HOUSTON, Feb. 11, 2014 (GLOBE NEWSWIRE) -- Upgrading or changing business software can be a daunting challenge, but one most small businesses have to face sooner or later. Asking the right questions up front can help to avoid picking the wrong software or alienating employees and customers along the way, according to Mark Henderson Leary, vice president of Aldridge, a leading provider, consultant and integrator of information technology and cloud computing solutions for growing and mid-sized businesses.
Leary recently headed a panel at the Doeren Mayhew 2014 Client Conference examining the best practices in finding and maximizing the right software for business. Joining him on the panel to share their experiences were Mike Schaffner, director of information technology at Cameron, Jennifer Mishriky, vice president at CTI Transportation, and Karl Maier, manager - business advisory at Doeren Mayhew.
"One of the first decisions companies confront is whether to choose generic business software from a large player like Oracle or Microsoft, or instead pick niche software designed for a specific industry," Leary said. "Very specific software usually comes preconfigured, but it may not be as flexible. Generic software can be easy to find but may require a consultant to configure it for a company's specific needs."
Another consideration is how new software can be scaled to grow with a company, Maier of Doeren Mayhew said. Companies also should look at their evolution. "Are you moving toward an environment in which employees use a variety of computers, laptops and tablets? If your culture is one of BYOD – bring your own device – then you will need to address issues of control."
As companies move toward a cloud environment and the use of multiple devices, they also need to consider how to provide access and connection with customers.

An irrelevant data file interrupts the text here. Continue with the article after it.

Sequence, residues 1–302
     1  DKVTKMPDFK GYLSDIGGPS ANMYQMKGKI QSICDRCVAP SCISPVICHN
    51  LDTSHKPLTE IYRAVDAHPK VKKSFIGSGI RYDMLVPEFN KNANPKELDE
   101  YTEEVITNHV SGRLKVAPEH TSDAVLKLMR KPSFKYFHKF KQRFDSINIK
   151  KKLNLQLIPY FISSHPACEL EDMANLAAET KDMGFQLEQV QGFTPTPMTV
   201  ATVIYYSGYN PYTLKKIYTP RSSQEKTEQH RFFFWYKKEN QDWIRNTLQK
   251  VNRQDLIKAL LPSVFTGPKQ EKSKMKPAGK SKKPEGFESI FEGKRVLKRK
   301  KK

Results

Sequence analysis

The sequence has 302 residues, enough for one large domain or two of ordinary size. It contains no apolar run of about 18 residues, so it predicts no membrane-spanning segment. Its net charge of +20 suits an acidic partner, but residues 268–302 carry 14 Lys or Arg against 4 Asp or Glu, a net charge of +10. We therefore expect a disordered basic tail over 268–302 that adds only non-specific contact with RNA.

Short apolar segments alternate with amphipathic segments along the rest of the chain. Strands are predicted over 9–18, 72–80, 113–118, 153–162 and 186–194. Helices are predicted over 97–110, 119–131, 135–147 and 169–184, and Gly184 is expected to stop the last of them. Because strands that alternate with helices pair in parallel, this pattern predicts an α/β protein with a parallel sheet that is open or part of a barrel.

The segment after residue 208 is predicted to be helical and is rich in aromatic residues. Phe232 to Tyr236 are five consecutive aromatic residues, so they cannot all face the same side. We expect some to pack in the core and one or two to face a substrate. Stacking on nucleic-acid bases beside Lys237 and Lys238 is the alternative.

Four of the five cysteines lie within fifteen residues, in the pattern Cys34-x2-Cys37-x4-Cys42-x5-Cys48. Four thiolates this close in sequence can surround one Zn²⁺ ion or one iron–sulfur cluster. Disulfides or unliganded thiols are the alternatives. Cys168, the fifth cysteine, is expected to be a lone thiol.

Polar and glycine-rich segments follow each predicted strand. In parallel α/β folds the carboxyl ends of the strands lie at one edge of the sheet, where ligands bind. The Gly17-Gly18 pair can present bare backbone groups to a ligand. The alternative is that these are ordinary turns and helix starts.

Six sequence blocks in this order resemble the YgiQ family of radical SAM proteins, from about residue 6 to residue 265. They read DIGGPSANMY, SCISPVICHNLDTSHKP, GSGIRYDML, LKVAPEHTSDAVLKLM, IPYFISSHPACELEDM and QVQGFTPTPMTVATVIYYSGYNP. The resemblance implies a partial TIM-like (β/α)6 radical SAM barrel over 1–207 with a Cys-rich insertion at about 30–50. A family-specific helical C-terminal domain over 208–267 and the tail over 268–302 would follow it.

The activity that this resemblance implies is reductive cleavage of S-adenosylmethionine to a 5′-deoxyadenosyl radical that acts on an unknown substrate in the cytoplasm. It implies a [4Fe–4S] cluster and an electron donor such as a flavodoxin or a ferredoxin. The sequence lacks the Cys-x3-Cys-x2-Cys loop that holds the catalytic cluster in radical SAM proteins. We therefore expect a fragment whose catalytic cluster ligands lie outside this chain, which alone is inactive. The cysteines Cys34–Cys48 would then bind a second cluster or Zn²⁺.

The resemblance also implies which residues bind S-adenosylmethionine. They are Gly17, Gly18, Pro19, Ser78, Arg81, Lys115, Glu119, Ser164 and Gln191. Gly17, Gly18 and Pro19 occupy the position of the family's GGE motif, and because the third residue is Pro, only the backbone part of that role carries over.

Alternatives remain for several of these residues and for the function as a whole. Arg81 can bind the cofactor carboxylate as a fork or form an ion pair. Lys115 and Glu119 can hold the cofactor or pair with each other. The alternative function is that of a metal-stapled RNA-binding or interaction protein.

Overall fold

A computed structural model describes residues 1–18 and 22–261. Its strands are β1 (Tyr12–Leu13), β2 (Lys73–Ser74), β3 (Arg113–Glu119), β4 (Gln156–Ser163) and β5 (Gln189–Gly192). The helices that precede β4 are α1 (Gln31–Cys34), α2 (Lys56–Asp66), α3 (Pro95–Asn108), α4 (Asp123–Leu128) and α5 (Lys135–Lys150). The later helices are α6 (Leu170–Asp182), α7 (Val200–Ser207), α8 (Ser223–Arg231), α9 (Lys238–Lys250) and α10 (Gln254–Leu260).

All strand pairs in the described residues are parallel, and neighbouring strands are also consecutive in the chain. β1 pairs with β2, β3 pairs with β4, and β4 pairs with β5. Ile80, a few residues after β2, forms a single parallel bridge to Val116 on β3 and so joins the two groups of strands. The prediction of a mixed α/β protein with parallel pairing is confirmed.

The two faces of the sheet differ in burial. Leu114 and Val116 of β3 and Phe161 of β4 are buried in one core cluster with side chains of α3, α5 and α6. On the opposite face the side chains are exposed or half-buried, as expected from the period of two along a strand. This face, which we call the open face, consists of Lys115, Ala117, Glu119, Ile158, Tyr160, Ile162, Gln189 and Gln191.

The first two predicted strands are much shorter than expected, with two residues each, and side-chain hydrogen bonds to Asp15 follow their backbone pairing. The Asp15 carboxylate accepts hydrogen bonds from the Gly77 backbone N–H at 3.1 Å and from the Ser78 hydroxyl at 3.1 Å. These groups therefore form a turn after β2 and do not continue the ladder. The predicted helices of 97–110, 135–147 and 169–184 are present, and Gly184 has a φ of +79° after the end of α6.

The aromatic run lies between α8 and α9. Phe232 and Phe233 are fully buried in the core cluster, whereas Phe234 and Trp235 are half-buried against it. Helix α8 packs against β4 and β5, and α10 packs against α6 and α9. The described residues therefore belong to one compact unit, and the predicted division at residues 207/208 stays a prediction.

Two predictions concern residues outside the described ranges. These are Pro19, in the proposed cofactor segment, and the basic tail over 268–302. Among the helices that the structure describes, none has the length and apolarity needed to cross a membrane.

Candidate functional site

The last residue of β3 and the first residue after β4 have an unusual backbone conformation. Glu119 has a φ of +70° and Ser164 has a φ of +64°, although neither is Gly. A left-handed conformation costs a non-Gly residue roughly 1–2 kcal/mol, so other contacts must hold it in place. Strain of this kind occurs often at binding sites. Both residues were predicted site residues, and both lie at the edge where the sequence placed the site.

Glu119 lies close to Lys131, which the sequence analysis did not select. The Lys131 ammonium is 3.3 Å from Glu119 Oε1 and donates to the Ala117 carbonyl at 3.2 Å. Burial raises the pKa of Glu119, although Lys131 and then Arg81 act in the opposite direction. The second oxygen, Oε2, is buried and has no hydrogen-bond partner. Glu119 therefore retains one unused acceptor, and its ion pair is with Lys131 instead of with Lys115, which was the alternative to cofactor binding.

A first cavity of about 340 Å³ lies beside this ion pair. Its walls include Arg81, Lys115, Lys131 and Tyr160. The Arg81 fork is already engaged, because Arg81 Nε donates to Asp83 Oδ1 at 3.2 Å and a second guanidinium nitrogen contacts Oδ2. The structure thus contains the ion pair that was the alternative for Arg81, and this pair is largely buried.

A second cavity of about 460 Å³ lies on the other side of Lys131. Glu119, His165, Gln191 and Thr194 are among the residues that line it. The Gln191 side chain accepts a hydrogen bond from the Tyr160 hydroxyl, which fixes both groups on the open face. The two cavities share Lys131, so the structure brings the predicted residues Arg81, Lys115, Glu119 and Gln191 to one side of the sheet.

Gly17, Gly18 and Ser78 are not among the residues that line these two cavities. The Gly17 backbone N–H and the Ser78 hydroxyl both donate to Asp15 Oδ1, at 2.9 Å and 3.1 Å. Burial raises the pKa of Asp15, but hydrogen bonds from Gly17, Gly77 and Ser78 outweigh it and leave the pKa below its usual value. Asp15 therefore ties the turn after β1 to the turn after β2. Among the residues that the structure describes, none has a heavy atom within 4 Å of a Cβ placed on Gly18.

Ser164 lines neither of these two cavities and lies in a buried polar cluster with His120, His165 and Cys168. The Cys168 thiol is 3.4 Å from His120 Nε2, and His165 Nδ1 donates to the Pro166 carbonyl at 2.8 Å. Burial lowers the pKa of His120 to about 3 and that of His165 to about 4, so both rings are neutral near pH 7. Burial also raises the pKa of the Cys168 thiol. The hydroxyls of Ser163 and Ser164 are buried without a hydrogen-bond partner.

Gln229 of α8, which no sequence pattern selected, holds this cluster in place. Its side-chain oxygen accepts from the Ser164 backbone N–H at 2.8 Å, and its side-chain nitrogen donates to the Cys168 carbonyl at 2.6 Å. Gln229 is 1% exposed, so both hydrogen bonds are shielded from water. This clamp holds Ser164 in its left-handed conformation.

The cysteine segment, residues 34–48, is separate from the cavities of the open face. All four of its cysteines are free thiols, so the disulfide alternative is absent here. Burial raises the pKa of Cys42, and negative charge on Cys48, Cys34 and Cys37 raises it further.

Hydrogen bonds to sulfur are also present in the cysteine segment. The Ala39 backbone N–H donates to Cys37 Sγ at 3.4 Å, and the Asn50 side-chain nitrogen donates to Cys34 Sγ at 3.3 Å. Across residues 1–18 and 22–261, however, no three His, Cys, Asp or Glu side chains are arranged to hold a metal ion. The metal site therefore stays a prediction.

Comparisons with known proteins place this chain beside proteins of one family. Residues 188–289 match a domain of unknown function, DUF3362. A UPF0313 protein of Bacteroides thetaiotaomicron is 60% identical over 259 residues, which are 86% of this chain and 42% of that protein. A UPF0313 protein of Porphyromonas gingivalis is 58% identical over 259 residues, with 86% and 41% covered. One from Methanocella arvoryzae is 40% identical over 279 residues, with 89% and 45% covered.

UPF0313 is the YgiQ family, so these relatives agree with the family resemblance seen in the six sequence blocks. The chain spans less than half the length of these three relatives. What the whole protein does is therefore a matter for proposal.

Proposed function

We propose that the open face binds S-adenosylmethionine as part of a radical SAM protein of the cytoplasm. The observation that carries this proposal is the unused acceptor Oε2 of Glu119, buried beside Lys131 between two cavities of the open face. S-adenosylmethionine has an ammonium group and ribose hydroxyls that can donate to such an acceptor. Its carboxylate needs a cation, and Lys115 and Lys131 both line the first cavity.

"If you are a business-to-business operation, you may lean toward more traditional, robust and efficient software that is compatible with your business customers," Leary said.
Companies that interface with consumers will find more interest in software that will connect with myriad endpoints, including mobile applications involving a variety of operating systems.
Even the most avid employees may reject new software changes without proper communication.
"There is always resistance to change, but the degree of it will depend on a company's culture and how much change the organization already is going through," Leary said. "Employees can suffer from change fatigue, and that is not the best time to introduce more change."
Involving users very early in the process and communicating regularly can lessen such resistance and increase employee buy-in.
Also important is to "deploy software that makes sense to the people who are using it," said Mishriky of CTI Transportation, a Houston corporate and executive transportation company. "The software we are deploying will eventually allow our staff to move people and vehicles around like they are playing a video game. That's what it needs to be for the people who do that work."
Something that seems as simple as choosing and introducing new software can be a complex process, Leary said. "We find many companies succeed by finding someone with experience to help drive them through the challenges and opportunities."
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Aldridge is a Houston, Texas-based technology management, consulting and outsourcing company also with offices in Dallas. Founded in 1984, the company brings a winning combination of professional technical expertise, extensive capabilities and a strict focus on the importance of business processes. Aldridge is a leading provider, consultant and integrator of Information Technology and Cloud Computing solutions. In 2013, the Houston Business Journal listed the company as among the best places to work in Houston for the second consecutive year. In 2011, the company was listed as No. 11 on the Houston Business Journal's Fast Tech 50 list of fastest growing Houston technology companies.
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